Are you converted yet?
Are you ready to believe that the 2013 Red Sox are cut from championship cloth?
Does 66 wins – just three short of last year’s season-ending total – do it for you?
How about a mind-blowing comeback from five runs down in the ninth inning that produced a walk-off 8-7 triumph?
It certainly seems as though we should all be pumped up for October and a deep playoff run. These Red Sox appear sprinkled with stardust.
They have 11 walk-off wins this season, including magical back-to-back victories on Wednesday and Thursday against the Seattle Mariners.
Their most recent comeback was one for the ages, the first time the Red Sox won a game in which they trailed by six runs as late as the eighth inning since 1940 and only the second time in 102 years. It was aided by a goof from acting Mariners manager Robby Thompson, who mistakenly tapped his left arm when approaching the mound to make a ninth-inning pitching change.
Crew chief Gary Darling noticed, and forced Thompson to bring in left-hander Oliver Perez instead of right-hander Yoervis Medina to face Shane Victorino and Dustin Pedroia.
Victorino capitalized on Seattle’s confusion, singling to right-center, and Pedroia followed with another hit, slicing the deficit to 7-6. Two batters later, with Medina finally in the game, Jonny Gomes tied it.
Afterward, the colorful Gomes labeled it “microwave baseball.”
Unquestionably, all signs point in positive directions. We should be bullish on this team, which has displayed the resilience and tenacity that defines a champion.
And yet . . . I’m just not there.
I applaud the Red Sox for what they have accomplished, which is much more than sitting atop the AL East. In amazingly short order, they have made us forget chicken-and-beer, Bobby Valentine and the September collapse of 2011. They have fans cheering for them again. Led by John Farrell’s steady hand, they are likeable, even admirable.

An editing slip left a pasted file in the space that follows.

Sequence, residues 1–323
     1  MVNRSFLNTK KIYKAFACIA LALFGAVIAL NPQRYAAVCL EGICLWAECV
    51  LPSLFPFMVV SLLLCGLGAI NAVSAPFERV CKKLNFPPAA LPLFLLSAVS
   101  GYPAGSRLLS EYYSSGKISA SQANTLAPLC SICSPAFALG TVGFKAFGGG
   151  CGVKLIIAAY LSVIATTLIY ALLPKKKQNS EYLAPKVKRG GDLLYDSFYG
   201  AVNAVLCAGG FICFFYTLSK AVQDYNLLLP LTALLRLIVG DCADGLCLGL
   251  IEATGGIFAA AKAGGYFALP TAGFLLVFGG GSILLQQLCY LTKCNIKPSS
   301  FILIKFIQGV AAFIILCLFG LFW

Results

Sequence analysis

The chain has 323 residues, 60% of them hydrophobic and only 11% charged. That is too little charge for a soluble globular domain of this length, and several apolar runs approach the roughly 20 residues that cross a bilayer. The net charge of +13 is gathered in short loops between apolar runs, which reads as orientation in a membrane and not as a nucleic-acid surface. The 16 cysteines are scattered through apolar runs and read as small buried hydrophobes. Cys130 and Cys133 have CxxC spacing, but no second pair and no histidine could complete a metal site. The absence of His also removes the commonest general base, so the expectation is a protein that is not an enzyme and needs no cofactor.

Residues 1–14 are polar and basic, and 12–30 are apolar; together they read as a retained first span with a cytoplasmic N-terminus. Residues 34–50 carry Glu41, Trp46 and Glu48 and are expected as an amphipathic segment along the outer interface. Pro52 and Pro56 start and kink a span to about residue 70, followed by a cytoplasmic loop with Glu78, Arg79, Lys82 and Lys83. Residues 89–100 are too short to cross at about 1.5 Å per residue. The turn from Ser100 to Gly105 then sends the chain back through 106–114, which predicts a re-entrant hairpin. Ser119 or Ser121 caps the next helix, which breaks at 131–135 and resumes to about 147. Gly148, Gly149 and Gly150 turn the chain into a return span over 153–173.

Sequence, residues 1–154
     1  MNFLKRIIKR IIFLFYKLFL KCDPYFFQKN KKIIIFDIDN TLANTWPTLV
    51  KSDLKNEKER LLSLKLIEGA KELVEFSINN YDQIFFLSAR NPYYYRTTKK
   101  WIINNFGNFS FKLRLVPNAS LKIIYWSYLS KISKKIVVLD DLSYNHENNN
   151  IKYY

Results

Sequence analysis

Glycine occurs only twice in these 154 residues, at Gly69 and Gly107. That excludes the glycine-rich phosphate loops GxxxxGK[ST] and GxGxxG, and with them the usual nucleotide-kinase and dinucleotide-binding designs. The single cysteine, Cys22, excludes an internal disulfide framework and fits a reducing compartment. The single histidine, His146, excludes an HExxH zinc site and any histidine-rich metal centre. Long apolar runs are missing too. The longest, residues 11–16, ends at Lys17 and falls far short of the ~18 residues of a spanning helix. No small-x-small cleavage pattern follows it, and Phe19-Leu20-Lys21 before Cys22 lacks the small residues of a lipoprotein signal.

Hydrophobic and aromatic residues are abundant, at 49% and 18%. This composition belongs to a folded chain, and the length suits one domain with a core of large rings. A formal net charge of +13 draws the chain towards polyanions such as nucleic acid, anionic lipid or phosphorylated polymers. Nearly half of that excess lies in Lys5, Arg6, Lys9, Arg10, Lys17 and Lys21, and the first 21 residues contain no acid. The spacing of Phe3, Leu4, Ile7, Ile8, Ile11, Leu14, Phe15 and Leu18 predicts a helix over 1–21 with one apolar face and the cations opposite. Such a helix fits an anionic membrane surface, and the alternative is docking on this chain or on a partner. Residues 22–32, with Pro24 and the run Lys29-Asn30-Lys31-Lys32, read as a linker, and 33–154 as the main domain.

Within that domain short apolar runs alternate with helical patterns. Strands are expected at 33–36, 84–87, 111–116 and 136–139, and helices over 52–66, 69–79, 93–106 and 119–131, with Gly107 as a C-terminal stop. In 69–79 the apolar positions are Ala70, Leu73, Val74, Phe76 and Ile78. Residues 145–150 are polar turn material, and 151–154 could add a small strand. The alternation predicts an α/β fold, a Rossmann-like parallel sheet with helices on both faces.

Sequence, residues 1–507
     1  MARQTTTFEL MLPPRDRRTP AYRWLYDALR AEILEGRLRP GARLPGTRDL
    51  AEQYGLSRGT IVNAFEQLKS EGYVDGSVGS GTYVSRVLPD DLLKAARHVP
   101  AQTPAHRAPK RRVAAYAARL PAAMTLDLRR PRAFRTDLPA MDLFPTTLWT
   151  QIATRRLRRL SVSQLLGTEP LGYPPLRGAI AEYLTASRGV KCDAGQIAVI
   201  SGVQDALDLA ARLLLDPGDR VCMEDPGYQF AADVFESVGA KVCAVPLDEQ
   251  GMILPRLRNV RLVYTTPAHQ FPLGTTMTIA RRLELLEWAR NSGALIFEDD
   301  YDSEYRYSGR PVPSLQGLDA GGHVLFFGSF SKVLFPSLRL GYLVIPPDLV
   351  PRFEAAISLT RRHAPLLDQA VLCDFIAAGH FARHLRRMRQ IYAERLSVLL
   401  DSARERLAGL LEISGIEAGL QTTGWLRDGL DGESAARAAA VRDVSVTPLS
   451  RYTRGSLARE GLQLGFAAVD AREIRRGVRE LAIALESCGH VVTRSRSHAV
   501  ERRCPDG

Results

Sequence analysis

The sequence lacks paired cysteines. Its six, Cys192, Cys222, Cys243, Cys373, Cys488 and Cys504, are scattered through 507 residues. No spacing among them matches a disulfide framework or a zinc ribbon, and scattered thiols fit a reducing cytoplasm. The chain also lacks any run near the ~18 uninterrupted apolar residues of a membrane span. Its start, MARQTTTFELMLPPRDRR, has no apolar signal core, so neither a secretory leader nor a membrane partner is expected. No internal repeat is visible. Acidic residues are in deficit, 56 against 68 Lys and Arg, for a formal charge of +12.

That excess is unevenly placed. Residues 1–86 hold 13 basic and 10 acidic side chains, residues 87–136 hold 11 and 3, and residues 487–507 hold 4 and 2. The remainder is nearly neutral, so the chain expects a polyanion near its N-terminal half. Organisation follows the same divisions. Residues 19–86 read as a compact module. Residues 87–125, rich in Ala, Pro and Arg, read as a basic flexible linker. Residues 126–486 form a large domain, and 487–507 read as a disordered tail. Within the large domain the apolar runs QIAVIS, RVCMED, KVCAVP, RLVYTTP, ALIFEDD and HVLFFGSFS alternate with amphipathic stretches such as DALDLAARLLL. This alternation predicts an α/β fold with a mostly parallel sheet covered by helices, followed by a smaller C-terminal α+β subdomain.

And still, I can’t quite buy in yet.
I wonder if this is smoke-and-mirrors stuff, winning with a lineup that, at least on paper, frightens no one. Daniel Nava and Brock Holt played significant roles in Thursday’s astonishing rally. With Julio Iglesias traded in the Jake Peavy deal, Holt is their third baseman, unless Will Middlebrooks rediscovers his hitting stroke and is recalled from Pawtucket.
Mike Carp batted fifth. Stephen Drew is now their only viable shortstop.
After Jacoby Ellsbury, Pedroia and Ortiz, and occasionally Mike Napoli (although he has cooled off considerably), who scares you in that lineup?
The starting pitching is average, at best. John Lackey has been their most reliable starter this season, and that alone should send shudders down your spine.
Jon Lester remains an enigma, with a 10-6 record, but a 4.27 ERA. Would you really be comfortable seeing him on the mound in Game 7 of a playoff series?
Clay Buchholz is 9-0, 1.71 and would be their unquestioned ace, but aces earn that label by being the reliable horse of the staff. Let’s just say Buchholz is no Patrice Bergeron when it comes to dealing with injuries.
Peavy’s arrival should help, but let’s not get carried away. Since winning the Cy Young Award in 2007, which is a long time ago in the life of a pitcher, his record is 61-52, and he hasn’t won more than 11 games in any season. Although he is 8-4 this year, his ERA is a mediocre 4.28. That sounds a lot like Lester.
And how will an inexperienced closer perform under the white-hot glare of the postseason? Will Koji Uehara, who had 23 career saves entering this season, turn into Byung-Hyun Kim?
As we sit here on Aug. 2, the Red Sox hold a tenuous one-game edge on Tampa Bay. Under the new playoff format, capturing the division is critical. The Red Sox have 52 games remaining; 36 against teams with winning records.
It’s not going to be easy. But it definitely will be interesting. And when you consider the low expectations beginning the season – many national experts picked them to finish last – an interesting final two months is about all we could have asked.
Rob Duca was an award-winning sports columnist for the Cape Cape Times for 25 years. His work has also appeared in numerous other publications, including Sports Illustrated, the Boston Globe, the Baltimore Sun, Yankee magazine, Cape Cod Life and Golf & Leisure Cape Cod
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